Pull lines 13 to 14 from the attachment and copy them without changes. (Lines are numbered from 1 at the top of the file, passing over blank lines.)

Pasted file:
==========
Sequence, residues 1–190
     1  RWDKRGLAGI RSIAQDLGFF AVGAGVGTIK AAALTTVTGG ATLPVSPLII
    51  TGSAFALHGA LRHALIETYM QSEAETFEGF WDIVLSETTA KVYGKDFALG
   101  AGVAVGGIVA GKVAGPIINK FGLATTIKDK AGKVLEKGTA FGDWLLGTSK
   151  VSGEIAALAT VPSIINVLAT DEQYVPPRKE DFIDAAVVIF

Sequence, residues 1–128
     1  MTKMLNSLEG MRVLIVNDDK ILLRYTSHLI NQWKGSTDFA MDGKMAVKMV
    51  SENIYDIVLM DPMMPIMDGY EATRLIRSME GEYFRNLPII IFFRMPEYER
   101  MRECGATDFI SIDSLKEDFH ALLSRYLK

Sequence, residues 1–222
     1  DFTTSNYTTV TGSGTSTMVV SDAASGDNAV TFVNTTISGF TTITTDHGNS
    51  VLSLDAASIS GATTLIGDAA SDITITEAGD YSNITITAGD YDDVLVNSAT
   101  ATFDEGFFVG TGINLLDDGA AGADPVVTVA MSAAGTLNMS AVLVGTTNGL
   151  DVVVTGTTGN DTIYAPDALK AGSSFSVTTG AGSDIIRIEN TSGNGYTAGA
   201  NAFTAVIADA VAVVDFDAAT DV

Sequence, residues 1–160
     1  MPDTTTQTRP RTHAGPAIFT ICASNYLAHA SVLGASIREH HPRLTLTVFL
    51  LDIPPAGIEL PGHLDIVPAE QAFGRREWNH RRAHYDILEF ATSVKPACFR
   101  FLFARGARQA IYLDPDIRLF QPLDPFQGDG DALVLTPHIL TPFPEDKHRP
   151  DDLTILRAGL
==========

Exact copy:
   101  ATFDEGFFVG TGINLLDDGA AGADPVVTVA MSAAGTLNMS AVLVGTTNGL
   151  DVVVTGTTGN DTIYAPDALK AGSSFSVTTG AGSDIIRIEN TSGNGYTAGA